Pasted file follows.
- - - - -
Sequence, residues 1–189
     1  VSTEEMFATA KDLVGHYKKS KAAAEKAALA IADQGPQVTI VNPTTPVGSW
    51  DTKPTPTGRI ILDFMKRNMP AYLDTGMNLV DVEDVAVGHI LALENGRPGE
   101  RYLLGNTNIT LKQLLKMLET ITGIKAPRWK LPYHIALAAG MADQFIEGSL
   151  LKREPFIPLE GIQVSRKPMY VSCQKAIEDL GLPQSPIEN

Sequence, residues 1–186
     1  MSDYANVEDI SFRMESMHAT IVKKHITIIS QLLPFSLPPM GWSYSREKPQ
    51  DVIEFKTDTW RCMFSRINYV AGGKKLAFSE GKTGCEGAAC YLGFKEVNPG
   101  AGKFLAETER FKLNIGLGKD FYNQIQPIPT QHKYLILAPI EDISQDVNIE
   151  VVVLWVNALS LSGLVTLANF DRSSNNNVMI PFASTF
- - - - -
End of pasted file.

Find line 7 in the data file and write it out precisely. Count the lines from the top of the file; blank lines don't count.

     1  MSDYANVEDI SFRMESMHAT IVKKHITIIS QLLPFSLPPM GWSYSREKPQ